• Built-in clientele: Is the location near a university or a large business? How about near a major intersection or highway? Having a large group of people who can easily patronize your business is a great benefit, and will be helpful in your company’s success.

Control: When you buy into the franchise, how much control will you have?

  • Company standards: Your franchise may be required to conform to certain company requirements such as hours of operation, uniform standards, products/services offered, advertisements, and more.
  • Company supplied products: Some franchises require the franchise owner to purchase products and goods from the parent corporation. Have you ever gone into McDonald’s and noticed the Ketchup packets they use? They all have the McDonald’s logo on the packet. The Franchise owner can’t go to Costco to pick up bulk ketchup packets. He has to buy them directly from McDonald’s – at the corporate price.

You: This is the most important element of them all. Do you have what it takes to own your own business?

  • Skills, abilities, and interests: Do you have any experience in this particular industry? Do you plan on running the business yourself, or hiring a manager or group of people to run operations? Are you interested in this industry, and will you enjoy what you are doing? Understanding your own abilities will go a long way toward helping you know if you will be capable of running your own business.
  • Goals: Where do you plan on taking this franchise? Do you require a certain annual income? How many hours do you wish to work? How long do you plan on owning and running this operation, and do you have plans to expand beyond one franchise? A clear set of goals will help you understand what you need to do to be successful, and help you develop a plan of action to get there.
  • Investment: How much can you invest in a franchise, and, if things go badly, how much can you afford to lose? Do you have a sufficient credit rating to secure the proper loans? Can you afford to forgo income during the first year or two, when business may be slow and expenses may be high?
  • Adaptation: How well can you adjust to difficult situations? The survival of your business may depend on your ability to deal with a similar franchise moving in nearby, economic changes in your community, increases in the costs of labor or inventory, etc.

As mentioned earlier, this is by no means an exhaustive list of everything one needs to do before buying a franchise. This list should just help you determine whether or not a franchise might be the right opportunity for you. Before buying a franchise, you should investigate as much about the particular company and industry as you possibly can. In addition, you should hire an accountant and lawyer to help you understand your projected costs and legal obligations. *In addition, a lawyer can help you understand the Uniform Franchise Offering Circular (UFOC), which details important legal and financial information regarding the particular franchise.*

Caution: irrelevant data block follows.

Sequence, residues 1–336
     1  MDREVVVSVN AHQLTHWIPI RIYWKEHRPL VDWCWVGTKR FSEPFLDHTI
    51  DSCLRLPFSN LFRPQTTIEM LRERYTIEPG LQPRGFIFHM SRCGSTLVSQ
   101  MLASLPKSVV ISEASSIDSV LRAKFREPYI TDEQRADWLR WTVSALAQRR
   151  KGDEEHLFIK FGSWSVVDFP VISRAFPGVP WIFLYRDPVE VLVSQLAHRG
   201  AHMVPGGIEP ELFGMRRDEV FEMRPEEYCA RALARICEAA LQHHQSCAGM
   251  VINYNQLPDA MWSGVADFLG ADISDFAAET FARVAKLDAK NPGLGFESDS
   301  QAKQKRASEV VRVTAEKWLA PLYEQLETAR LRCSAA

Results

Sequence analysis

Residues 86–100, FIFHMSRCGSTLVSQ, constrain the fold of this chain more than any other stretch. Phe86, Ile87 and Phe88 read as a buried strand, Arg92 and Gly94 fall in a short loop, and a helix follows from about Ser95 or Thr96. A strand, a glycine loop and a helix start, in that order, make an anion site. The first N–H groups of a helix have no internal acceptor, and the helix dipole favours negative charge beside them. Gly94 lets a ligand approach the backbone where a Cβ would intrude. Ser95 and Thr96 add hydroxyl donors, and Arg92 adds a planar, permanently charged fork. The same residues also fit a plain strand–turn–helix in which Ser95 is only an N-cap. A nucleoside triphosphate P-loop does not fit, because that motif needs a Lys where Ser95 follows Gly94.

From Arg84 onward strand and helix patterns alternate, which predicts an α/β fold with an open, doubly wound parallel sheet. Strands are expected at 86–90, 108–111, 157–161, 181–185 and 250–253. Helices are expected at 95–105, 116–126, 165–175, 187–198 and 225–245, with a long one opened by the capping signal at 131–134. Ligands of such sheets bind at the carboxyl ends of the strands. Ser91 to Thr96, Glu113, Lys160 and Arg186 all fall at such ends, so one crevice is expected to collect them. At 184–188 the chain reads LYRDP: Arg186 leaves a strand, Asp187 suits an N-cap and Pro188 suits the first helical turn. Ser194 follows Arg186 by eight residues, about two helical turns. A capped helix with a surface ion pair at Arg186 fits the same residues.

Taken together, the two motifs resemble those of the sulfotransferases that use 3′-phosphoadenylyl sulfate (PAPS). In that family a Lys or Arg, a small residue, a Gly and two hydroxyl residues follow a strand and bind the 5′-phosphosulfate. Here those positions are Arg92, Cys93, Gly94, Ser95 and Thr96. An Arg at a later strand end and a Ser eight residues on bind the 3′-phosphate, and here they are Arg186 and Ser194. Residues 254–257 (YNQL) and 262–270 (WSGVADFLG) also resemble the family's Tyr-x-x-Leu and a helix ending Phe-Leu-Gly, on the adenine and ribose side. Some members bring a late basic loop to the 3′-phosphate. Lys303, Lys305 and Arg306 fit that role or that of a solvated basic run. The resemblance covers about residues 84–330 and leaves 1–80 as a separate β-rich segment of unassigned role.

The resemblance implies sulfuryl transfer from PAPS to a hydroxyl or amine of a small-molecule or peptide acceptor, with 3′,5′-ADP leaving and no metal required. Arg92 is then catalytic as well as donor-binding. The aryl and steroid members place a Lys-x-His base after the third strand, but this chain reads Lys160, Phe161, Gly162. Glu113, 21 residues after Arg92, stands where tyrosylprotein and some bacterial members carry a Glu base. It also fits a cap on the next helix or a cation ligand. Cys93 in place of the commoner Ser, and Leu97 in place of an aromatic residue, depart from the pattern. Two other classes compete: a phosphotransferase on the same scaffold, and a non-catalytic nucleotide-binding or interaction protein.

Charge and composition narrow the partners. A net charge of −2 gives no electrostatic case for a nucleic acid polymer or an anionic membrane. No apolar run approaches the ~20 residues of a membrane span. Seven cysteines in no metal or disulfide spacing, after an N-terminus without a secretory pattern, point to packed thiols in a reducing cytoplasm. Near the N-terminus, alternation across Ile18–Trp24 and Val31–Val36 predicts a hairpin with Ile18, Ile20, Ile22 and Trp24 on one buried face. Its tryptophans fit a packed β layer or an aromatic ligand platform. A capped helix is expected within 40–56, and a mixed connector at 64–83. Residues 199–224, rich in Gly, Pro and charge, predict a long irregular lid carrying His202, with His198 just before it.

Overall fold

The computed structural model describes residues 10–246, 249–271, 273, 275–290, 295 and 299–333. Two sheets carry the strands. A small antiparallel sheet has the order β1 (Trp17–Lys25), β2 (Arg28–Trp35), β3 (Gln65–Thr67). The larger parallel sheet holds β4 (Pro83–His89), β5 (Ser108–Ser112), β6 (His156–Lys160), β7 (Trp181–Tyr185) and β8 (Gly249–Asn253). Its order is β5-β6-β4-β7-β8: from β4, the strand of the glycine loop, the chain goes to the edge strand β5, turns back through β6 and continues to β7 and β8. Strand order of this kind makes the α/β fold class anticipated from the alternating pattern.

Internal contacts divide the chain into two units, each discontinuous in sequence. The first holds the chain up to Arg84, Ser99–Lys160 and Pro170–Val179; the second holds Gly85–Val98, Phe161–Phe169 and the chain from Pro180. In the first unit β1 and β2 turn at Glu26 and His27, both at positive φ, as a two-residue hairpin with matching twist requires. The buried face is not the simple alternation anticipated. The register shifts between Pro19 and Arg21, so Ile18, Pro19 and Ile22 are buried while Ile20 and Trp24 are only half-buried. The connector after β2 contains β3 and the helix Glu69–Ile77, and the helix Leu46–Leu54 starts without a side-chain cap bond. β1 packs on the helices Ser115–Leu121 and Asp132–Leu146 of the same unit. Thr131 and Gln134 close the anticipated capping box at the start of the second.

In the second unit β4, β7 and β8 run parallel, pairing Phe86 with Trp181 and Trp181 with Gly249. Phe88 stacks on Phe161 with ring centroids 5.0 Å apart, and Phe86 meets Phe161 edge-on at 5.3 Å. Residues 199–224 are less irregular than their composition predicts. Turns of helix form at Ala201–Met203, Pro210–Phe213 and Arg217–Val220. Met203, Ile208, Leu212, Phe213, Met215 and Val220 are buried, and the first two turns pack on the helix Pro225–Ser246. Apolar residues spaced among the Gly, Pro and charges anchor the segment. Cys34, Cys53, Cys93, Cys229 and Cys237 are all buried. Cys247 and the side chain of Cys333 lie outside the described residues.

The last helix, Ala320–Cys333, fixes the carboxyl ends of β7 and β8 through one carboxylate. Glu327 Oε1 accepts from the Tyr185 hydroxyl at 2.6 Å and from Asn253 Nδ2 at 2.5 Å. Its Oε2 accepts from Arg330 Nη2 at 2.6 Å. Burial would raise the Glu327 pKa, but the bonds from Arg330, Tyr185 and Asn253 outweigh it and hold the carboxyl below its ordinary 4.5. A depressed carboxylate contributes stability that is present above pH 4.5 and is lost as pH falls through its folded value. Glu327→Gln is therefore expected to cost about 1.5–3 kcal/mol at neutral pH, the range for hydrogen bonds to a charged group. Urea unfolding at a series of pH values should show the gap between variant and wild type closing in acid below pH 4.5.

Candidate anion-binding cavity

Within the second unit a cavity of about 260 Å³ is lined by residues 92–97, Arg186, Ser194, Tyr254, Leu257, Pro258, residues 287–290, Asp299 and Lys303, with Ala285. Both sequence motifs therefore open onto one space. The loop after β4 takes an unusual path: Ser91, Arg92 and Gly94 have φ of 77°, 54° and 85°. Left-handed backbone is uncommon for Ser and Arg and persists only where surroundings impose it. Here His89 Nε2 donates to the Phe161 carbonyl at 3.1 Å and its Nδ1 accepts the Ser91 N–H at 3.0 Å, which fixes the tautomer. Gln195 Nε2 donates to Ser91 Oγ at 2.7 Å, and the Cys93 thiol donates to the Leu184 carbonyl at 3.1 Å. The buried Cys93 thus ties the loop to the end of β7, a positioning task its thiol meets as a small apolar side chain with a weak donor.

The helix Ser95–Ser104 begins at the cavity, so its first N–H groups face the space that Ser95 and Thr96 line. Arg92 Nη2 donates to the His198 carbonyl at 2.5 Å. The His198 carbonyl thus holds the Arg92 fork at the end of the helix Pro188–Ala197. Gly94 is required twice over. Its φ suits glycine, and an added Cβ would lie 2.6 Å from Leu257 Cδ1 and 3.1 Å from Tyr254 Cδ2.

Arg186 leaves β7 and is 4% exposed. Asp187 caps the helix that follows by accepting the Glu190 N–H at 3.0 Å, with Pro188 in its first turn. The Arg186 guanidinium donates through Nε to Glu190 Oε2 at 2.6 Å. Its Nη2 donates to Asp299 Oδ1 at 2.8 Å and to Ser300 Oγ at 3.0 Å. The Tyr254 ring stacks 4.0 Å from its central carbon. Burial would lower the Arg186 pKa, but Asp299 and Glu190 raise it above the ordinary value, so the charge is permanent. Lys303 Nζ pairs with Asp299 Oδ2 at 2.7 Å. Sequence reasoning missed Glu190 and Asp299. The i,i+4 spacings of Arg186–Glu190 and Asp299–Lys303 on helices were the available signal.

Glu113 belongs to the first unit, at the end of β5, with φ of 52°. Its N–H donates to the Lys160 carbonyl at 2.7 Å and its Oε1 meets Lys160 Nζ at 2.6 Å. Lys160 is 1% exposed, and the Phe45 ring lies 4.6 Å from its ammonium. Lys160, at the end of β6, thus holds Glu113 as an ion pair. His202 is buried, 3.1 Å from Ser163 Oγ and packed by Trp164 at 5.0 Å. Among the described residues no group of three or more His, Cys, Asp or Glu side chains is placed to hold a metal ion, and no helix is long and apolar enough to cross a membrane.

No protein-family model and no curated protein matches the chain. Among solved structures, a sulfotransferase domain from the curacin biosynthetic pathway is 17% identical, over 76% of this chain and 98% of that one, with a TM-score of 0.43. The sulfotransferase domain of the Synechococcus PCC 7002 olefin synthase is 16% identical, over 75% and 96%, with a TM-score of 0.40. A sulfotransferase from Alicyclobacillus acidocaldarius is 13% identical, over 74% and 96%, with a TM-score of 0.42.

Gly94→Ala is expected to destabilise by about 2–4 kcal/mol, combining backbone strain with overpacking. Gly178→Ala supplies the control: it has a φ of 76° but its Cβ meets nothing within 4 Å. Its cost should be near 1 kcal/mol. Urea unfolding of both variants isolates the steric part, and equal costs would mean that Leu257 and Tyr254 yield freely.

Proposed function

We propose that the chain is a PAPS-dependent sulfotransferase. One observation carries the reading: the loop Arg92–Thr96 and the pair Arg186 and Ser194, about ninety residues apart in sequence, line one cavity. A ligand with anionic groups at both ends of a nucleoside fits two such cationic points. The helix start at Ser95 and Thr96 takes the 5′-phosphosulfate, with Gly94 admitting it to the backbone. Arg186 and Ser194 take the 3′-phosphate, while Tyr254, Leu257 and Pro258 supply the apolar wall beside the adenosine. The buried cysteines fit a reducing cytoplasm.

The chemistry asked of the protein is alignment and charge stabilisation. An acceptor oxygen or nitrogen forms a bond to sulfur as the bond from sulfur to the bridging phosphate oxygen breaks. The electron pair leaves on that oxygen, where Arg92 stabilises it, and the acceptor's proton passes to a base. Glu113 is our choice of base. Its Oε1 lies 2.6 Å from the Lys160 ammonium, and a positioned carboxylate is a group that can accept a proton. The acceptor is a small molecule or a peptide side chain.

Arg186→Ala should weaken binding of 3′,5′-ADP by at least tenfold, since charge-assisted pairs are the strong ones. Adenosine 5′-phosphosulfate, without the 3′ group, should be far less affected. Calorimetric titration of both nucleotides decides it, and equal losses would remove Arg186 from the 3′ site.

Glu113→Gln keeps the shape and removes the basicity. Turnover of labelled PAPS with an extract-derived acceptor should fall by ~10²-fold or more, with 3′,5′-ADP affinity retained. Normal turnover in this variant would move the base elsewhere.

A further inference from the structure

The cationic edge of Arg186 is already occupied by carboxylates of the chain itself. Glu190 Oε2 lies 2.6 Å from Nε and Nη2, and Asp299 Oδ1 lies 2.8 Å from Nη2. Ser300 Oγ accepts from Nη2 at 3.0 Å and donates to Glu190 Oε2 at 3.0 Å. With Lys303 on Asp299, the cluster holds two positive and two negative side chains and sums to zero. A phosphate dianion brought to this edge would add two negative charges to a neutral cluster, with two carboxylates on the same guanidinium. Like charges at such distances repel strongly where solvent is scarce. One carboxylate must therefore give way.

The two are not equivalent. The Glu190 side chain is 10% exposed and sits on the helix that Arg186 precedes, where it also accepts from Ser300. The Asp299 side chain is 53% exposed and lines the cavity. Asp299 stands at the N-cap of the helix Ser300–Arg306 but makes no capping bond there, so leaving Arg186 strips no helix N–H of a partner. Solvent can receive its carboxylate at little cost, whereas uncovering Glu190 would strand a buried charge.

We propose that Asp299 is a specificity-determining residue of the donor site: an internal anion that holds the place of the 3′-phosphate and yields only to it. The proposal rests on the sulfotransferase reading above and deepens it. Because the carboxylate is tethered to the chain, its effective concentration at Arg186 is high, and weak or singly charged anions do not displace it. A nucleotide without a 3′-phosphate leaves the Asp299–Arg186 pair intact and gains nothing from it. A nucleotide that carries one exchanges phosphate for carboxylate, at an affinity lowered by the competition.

There are many other things to consider as well. The Federal Trade Commission has set up a Consumer Guide to Buying a Franchise, which served as a basis and resource for some of this information. If you plan on buying a franchise, do your research, then make an informed decision. Good luck!


Published or updated February 7, 2009.
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{ 3 comments… read them below or add one }

1 michael webster

You cannot post about buying a franchise without describing how to read the UFOC, where to get it, and when it should be analyzed.

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2 Ryan

Hi Michael, great point. As I mentioned in this post, this is not intended to be “How to buy and run a successful franchise.” This is intended only to open people’s eyes to a few things they may not have thought about before rushing out buying a franchise.

Maybe I should have titled this “5 Things to Consider if You Want to Own a Franchise.” That would imply that there is still a lot of research to be done, and lawyers and accountants to consult with. Thank you for pointing this out.

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3 Michael Webster

Thanks for the change, readers of your blog can access free UFOCs, from the California Govt here:

http://134.186.208.228/caleasi/Pub/Exsearch.htm